What kind of vehicle is the 2021 Chevrolet Suburban? What does it compare to?
The 2021 Chevrolet Suburban is the latest in a long-running series of mega-sized family warships, with a name that traces back to the early 20th century when people weren’t necessarily smaller—maybe they just needed less stuff. It competes with other full-size SUVs such as the Ford Expedition, Chevrolet Tahoe, Nissan Armada, and GMC Yukon.
Is the 2021 Chevrolet Suburban a good vehicle?
Review continues below
The redesigned 2021 Suburban earns a TCC rating of 6.0 out of 10, due to a robust standard feature set and comfortable cabin. A poor crash-test rating and lack of standard safety features, along with a poor showing on fuel economy (as you’d expect) tempered those scores. (Read more about how we rate cars.)
What’s new for the 2021 Chevrolet Suburban?
In short, nearly everything. The redesigned 2021 Suburban is more spacious for passengers and cargo, adds a new turbodiesel engine option, and upgrades to its multimedia and safety technology that bring it up to the modern age. It also got big: 225.7 inches in length with a wheelbase of over 11 feet, increasing second and third row leg room, as well as cargo room which now maxes out at a whopping 144.7 cubic feet.
The Suburban is closely related to the 2021 Chevy Tahoe, which also got a redesign that we cover separately. Both ride on the same platform that underpins the Silverado half-ton and styling draws heavily from the pickup truck as well giving the Suburban a massive maw. The grille pinches toward the middle with daytime running lights, but it’s just as upright—just as imposing—as before. Along the sides, the Suburban plays with the available daylight with creases and bends—at least when it’s not blocking the sun.
Under the hood is a choice between two carryover V-8 engines: a 5.3- or a 6.2-liter that make 355 or 420 hp, respectively. A 3.0-liter turbodiesel inline-6 that makes 277 hp and 460 pound-feet of torque is available in the Suburban for the first time in two decades. A 10-speed automatic transmission is standard on all models and drives the rear or all four wheels, when optionally equipped. Fuel economy ratings top out at 23 mpg combined for rear-wheel drive turbodiesel models and 18 mpg combined for the smaller V-8 (also with rear-wheel drive).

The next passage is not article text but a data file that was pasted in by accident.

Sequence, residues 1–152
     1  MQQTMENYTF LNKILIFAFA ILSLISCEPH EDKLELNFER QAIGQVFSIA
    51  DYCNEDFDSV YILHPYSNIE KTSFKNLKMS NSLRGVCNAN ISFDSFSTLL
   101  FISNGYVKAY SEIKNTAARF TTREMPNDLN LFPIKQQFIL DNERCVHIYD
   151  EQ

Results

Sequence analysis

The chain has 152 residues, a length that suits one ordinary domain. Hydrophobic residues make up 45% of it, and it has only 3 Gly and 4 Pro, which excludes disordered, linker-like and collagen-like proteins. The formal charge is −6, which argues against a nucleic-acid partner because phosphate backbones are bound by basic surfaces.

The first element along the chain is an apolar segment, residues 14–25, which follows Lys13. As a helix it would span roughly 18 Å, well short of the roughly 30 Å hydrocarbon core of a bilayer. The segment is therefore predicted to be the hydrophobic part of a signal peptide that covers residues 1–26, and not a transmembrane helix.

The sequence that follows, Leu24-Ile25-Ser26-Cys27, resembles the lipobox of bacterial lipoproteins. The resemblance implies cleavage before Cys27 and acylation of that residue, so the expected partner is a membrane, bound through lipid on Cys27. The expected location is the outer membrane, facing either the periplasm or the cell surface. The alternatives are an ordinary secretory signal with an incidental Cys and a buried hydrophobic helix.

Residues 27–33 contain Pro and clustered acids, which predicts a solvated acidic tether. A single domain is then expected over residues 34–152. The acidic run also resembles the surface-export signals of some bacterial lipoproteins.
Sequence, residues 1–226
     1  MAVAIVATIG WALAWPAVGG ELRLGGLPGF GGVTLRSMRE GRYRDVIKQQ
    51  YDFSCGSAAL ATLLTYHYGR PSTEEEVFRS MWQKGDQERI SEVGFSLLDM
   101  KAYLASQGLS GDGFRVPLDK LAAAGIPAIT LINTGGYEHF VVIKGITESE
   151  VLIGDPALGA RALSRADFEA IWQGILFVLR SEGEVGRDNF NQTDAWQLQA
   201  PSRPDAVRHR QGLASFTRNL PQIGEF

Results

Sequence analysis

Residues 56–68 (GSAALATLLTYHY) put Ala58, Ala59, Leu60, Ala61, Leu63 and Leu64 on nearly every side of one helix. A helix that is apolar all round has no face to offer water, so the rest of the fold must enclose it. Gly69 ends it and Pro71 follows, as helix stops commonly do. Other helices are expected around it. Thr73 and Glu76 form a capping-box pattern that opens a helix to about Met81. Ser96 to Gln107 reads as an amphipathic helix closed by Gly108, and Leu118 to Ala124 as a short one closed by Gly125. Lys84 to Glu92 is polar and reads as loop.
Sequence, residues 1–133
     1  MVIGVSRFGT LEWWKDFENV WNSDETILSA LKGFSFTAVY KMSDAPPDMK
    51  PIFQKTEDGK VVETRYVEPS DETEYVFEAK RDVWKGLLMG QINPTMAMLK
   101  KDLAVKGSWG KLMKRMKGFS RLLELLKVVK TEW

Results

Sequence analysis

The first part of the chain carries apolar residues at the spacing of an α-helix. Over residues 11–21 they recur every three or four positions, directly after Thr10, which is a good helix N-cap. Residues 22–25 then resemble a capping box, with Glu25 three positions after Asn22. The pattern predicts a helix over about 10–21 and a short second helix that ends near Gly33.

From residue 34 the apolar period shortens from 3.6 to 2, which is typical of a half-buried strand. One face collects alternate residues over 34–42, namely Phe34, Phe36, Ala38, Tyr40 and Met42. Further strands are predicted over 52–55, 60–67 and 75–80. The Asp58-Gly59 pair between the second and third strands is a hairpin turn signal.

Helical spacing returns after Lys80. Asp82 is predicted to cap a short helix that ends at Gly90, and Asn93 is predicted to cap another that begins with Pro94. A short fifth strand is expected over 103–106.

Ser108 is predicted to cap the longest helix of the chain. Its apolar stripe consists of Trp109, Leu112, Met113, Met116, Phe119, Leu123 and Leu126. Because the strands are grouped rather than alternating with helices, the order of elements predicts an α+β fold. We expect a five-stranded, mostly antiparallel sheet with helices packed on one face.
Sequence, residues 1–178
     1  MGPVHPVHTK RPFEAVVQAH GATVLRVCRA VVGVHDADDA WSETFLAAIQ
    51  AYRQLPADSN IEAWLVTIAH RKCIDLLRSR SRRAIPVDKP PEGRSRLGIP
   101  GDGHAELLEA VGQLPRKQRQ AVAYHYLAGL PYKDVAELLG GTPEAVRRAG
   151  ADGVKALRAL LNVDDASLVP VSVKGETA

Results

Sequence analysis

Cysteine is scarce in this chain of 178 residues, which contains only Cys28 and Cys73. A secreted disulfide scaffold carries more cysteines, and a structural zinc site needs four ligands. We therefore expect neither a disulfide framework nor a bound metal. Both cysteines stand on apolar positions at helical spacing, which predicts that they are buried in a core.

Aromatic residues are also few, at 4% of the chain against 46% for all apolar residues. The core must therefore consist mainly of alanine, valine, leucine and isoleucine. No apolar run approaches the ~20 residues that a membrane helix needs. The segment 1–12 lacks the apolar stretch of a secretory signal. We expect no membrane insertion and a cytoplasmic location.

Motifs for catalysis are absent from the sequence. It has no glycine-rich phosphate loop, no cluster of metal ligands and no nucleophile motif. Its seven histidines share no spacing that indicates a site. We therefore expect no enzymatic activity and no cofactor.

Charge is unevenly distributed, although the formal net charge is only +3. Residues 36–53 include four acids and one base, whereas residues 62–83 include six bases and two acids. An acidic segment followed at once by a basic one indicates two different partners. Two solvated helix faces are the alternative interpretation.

The Suburban rides atop a four-wheel independent suspension for the first time this year, which helps the Chevy glide more smoothly over the pavement. An optional adaptive air suspension coddles passengers further with a load-leveling rear end for frequent towers.
All Suburbans get automatic emergency braking with pedestrian detection as standard equipment, with blind-spot monitors, active lane control, and a surround-view camera system optional. The Suburban earned a four-star crash test rating from the NHTSA, but has not yet been tested by the IIHS as of this writing.
How much does the 2021 Chevrolet Suburban cost?
The 2021 Suburban is available in LS, LT, Z71, High Country, Premier, and RST trim levels. Each trim level except for the Z71 has standard rear-wheel drive and adding four-wheel drive costs an additional $3,000 on the other trim levels. The LS leads things off at $52,995 (including a $1,295 destination charge), followed by the LT at $57,795, and the RST at $61,095. The Z71 comes in at $63,195, then we come to the most luxurious trims of the Suburban, the Premier ($66,595) and High Country ($73,595).
The LS comes with a standard 10.2-inch touchscreen, automatic emergency braking, tri-zone automatic climate control, and wireless Android Auto and Apple CarPlay. Each trim above that tacks on a wireless phone charger. High Country models have the most standard features, with leather upholstery, heated and cooled front seats, and an adaptive suspension standard.
Where is the 2021 Chevrolet Suburban made?
The 2021 Suburban is made alongside the Tahoe in Arlington, Texas.